METHODS

Participants and procedure

Forty adolescents aged 12-17 years with a primary diagnosis of depressive disorder based on the Diagnostic and Statistical Manual of Mental Disorders, 4th edition, text revision were enrolled in this study. These psychiatric diagnoses were confirmed by the Korean Kiddie Schedule for Affective Disorders and Schizophrenia-Present and Lifetime version (K-SADS-PL).25) Forty-six healthy adolescents aged 12-17 years were also recruited from a middle school and a high school near our research center. All of them were screened for depression and other psychiatric disorders using the Korean version of the K-SADS-PL. To assess the test-retest reliability, the ETIR-SF was administered to participants two times (i.e., baseline and 2 months after baseline). This study was approved by the Institutional Review Board for human subjects (No. 2014-34). Informed consent was obtained from all participants.

Measures

The Early Trauma Inventory Self-Report-Short Form

The ETISR-SF is a 27-item questionnaire used for the assessment of the four domains of physical (5 items), emotional (5 items), and sexual (6 items) abuse, as well as general traumatic experiences (11 items). It categorically assesses the existence of traumatic events that occurred before the age of 18.24) Each traumatic experience was scored dichotomously (yes=1/no=0). The sum of scores of each domain and the total scores were calculated. The measure has been shown to have excellent validity and internal consistency among Korean adult population (Cronbach’s α=0.869, test-retest reliability=0.844).24)

Exposure to life-threatening experiences

A modified version of the List of Threatening Experiences questionnaire (LTE-Q)26) was used to assess exposure to life-threatening experiences. The LTE-Q is a 12-item instrument to measure common life events that tend to be threatening. The items that were not appropriate for adolescent age (e.g., unemployment, subjects sacked from job) were modified to developmentally appropriate items for adolescents. The 12 items used in this study were: serious illness or injury to subject, serious illness or injury to a close relative, death of a parent, death of a close relative, broke off a steady relationship, serious problem with a close friend or relative, subjects suspended or expelled from school, subjects bullied, change of residence, major financial crisis, problem with police and court appearance, and something valuable lost or stolen. Each life event was scored dichotomously (yes=1/no=0). The total score ranges from 0 to 12.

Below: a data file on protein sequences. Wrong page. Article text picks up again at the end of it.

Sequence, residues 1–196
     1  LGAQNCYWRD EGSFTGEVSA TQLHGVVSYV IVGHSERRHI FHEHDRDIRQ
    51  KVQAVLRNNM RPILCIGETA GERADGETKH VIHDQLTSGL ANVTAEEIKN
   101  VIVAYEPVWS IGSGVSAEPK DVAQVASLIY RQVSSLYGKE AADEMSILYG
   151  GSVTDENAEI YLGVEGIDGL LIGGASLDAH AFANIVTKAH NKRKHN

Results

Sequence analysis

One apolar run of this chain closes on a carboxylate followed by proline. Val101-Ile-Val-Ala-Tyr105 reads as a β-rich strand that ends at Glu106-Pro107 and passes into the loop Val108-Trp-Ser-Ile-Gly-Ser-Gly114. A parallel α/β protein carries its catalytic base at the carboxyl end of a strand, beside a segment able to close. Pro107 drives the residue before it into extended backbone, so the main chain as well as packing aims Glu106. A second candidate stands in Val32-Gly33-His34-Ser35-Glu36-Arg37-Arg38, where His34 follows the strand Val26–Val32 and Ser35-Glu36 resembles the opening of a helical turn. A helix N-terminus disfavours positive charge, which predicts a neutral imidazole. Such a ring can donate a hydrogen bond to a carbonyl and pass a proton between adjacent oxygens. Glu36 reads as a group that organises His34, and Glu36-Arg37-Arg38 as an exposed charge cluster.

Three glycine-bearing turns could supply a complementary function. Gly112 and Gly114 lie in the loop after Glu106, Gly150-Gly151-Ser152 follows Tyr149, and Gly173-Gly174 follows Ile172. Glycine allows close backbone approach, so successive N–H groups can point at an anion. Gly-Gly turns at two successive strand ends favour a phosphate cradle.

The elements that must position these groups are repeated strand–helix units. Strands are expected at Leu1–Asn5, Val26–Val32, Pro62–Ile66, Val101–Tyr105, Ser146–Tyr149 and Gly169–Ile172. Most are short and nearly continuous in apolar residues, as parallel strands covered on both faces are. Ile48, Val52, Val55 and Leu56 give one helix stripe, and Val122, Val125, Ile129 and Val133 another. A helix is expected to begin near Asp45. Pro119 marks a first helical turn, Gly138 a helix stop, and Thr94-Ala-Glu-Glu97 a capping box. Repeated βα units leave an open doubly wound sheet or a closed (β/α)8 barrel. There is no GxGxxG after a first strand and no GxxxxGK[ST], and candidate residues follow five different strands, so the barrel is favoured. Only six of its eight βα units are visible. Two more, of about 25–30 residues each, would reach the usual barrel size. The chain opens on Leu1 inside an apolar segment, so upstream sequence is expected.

Children’s Depression Inventory

The Children’s Depression Inventory (CDI) is a self-rated, symptom-oriented scale that is suitable for youth aged 7 to 17. There are 27 items quantifying symptoms such as depressed mood, hedonic capacity, vegetative functions, selfevaluation, and interpersonal behaviors. Each CDI item consists of three statements that are rated on a scale that ranges from 0-2. The total score ranges from 0 to 54. A score of 25 or greater was regarded as a clinically significant degree of depression.27)

The revised Children’s Manifest Anxiety Scale

The revised Children’s Manifest Anxiety Scale (RCMAS) is a 37-item, self-report instrument that assesses the severity and nature of anxiety. A response of “Yes” indicates that the item describes the subject’s feelings or actions, while a response of “No” indicates that the symptom is not present. The total anxiety score was computed based on 28 items, with a score of 19 or greater suggesting a clinically significant degree of anxiety.28)

Statistical analyses

Cronbach’s alphas were calculated to explore the internal consistency of the ETISR-SF. Pearson correlation analysis was used to determine test-retest reliability of the ETISR-SF. Independent t-test was used to examine the group differences in the ETISR-SF. To examine the convergent and divergent validity of the ETISR-SF, Pearson correlations were calculated with several measures, including the CDI, RCMAS, and LTE-Q. SPSS version 21.0 (IBM Corp., Armonk, NY, USA) was used to perform all statistical analyses. A p-value less than 0.05 was considered significant.

RESULTS

Table 1 presents the frequency of each traumatic event, item-total correlation, and Cronbach’s alphas (minus item). The most common traumatic events to which the subjects were exposed were ‘being hit with a thrown object,’ ‘punched or kicked,’ and ‘slapped in the face.’ The coefficient alpha for the entire scale (0.803) was high.